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League of United Latin Am. Citizens v. Perry - 548 U.S. 399, 126 S. Ct. 2594 (2006)

Rule:

The United States Supreme Court has identified three threshold conditions for establishing a violation of § 2 of the Voting Rights Act of 1965, 42 U.S.C.S. § 1973: (1) a racial group is sufficiently large and geographically compact to constitute a majority in a single-member district; (2) the racial group is politically cohesive; and (3) the majority votes sufficiently as a bloc to enable it usually to defeat the minority's preferred candidate. These are the so-called Gingles requirements. If all three Gingles requirements are established, the statutory text directs a court to consider the "totality of circumstances" to determine whether members of a racial group have less opportunity than do other members of the electorate.

Facts:

Following the 2000 census, a court-ordered redistricting plan was implemented in Texas for seats in the United States House of Representatives. In 2003, after Republicans gained control of the Texas Legislature, a new redistricting map was passed. Appellants argued that the mid-decade redistricting was an unconstitutional partisan gerrymander and that changes to particular districts violated the Voting Rights Act, the First Amendment, and the Equal Protection Clause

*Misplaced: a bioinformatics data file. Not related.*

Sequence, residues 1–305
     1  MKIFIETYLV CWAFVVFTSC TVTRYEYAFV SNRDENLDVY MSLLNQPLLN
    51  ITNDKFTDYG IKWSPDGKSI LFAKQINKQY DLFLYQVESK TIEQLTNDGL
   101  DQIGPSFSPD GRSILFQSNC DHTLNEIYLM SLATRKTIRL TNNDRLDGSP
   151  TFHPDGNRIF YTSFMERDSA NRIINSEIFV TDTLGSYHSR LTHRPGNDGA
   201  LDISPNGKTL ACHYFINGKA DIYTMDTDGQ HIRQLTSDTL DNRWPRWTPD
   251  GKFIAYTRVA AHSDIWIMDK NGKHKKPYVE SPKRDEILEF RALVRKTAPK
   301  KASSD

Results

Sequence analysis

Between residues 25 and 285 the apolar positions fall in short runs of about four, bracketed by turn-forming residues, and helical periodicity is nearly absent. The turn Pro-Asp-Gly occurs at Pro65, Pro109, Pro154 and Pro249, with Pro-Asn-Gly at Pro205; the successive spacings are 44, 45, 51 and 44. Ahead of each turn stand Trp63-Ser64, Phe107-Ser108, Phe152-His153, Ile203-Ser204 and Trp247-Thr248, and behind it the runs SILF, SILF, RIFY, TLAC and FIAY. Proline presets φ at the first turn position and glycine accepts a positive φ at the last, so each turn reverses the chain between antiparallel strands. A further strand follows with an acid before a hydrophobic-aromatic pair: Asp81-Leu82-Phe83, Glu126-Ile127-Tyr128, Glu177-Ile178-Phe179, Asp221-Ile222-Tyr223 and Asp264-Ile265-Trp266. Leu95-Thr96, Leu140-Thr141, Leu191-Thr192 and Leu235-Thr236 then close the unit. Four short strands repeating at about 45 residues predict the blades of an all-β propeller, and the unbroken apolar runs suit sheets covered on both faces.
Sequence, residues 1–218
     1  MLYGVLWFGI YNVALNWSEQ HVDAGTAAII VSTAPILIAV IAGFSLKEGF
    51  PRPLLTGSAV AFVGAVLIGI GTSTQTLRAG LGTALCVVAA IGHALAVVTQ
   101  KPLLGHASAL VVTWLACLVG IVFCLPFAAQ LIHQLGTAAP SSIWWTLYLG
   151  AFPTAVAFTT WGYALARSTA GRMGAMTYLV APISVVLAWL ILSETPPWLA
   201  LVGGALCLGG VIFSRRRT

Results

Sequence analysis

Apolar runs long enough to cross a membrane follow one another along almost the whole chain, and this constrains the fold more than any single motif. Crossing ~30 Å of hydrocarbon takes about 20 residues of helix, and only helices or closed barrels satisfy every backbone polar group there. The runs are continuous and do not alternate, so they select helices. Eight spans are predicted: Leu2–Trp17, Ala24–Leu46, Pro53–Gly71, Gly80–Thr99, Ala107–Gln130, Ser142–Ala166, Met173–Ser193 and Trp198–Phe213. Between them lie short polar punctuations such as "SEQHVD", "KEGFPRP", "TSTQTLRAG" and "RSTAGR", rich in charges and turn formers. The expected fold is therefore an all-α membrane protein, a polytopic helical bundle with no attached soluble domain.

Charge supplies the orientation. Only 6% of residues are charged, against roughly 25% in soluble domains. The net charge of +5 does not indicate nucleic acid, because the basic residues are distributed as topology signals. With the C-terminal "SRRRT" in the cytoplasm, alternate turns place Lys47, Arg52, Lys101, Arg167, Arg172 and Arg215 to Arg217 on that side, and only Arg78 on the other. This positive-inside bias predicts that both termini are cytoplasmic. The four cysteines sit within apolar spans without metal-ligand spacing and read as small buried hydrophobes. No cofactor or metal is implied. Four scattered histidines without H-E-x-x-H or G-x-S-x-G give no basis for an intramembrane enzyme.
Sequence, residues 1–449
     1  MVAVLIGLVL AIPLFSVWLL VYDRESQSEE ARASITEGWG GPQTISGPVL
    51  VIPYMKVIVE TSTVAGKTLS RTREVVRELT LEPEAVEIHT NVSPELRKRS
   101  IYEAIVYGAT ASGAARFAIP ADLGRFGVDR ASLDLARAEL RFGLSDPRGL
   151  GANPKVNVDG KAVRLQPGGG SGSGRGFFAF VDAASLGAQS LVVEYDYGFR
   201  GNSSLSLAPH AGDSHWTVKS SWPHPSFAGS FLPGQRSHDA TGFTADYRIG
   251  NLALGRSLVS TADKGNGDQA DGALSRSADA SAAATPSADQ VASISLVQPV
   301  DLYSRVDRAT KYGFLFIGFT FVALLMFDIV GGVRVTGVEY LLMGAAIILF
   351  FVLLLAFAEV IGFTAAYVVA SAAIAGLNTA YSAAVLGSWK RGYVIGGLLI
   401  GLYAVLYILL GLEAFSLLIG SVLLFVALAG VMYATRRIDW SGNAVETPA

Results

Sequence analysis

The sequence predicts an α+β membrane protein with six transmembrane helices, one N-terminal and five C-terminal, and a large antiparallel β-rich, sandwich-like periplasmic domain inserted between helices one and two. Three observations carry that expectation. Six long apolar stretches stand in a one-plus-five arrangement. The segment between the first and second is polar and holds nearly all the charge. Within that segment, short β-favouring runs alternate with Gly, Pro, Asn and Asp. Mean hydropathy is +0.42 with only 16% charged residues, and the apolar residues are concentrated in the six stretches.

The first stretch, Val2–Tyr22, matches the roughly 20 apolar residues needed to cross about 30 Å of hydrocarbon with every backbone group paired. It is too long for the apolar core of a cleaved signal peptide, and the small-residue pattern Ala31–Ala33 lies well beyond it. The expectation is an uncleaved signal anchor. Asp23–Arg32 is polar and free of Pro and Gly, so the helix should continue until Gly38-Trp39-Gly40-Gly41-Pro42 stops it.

Issue:

Did the state redistricting plan violate § 2 of the Voting Rights Act of 1965, 42 U.S.C.S. § 1973?

Answer:

Yes

Conclusion:

The Court rejected appellants' challenge to the plan as a whole, but did not reach agreement as to whether a reliable test for gerrymandering might exist. However, changes to a Latino-majority district, which were designed to protect an incumbent, constituted vote dilution in violation of 42 U.S.C.S. § 1973(b). Creation of a new, noncompact Latino-majority district did not compensate for the dismantling of the former compact district, and the absence of the former district undermined the progress of a racial group that had been subject to significant voting-related discrimination. The Court upheld the district court's decision that changes to another district did not unlawfully dilute African-American voting strength.

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